I lend no credence to visions of heaven. They all differ, every one. I don’t question the integrity of the person having the vision, except frauds. We’ve had recent examples. What I question is their authenticity. They’re all different. Can the heaven be different for each person going there?
It really doesn’t matter—God’s ultimate destiny for us is not ours to shape. Heaven’s what, where, when, how are mysteries beyond human ken, as are all matters of infinity. The brain is not designed to grasp them. What then?
All who write fiction know how a story can take over. Take Johnson Junction. It’s been ages since I visited there, but its streets and people are as real to me as any rural town of my early pastoring years. I dreamed up the setting and story line then the story took over, coming up with stuff I never imagined.
Then the Vernon Valley Vigilantes. The setting: Ma’s Kaffe Stuga and the senior friends who gathered daily around its round oak table, quietly led by Miss Beth, sixth grade teacher and township clerk. Every country home had a round table in the dining room, used mainly for Sunday dinner. Bigger crowd than expected? Add a leaf. I created the Stuga, table, and company of friends from happy memory. Then the story took over. Those old buzzards had adventures! I typed fast as I could and couldn’t wait for the next one.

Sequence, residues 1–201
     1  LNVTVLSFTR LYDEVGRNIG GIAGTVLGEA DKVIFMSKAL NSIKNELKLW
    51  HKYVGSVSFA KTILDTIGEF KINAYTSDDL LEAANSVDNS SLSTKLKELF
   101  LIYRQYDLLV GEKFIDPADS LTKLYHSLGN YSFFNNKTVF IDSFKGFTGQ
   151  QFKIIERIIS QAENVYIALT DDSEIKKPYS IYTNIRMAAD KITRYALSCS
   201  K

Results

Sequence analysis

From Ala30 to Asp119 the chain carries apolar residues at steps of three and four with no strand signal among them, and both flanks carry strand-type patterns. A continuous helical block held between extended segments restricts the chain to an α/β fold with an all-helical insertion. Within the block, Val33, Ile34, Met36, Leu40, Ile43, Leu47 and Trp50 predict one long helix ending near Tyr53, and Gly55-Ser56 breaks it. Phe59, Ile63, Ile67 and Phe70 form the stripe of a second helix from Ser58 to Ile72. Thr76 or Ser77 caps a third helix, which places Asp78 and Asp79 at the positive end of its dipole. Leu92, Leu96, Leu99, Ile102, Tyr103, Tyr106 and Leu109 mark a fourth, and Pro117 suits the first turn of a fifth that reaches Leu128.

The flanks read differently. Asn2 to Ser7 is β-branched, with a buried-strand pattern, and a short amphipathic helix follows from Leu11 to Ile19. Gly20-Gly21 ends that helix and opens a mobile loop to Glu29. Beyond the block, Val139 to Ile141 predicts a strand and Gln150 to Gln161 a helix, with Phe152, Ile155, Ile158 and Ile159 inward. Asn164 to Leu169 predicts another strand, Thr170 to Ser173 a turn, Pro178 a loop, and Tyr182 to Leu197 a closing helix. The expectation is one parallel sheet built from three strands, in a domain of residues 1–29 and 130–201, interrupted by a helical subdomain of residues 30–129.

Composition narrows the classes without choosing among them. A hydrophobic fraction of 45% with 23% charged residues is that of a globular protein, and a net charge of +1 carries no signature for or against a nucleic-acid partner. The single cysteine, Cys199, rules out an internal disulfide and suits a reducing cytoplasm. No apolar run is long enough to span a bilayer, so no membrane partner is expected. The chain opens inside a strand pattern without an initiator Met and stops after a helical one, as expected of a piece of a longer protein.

If that never happened to you, my point about heaven scenarios is lost. But I’ve been there, done that dying thing. No golden street, crystal stream or long-gone friends; just an exhilarating anticipation. Check out www.lloydsstorytree.com, And She Wasn’t Laughing. Obviously, the dying didn’t take, but I‘ll never forget the experience.
We’ll talk more about visions of heaven.
Old Grandpa Lloyd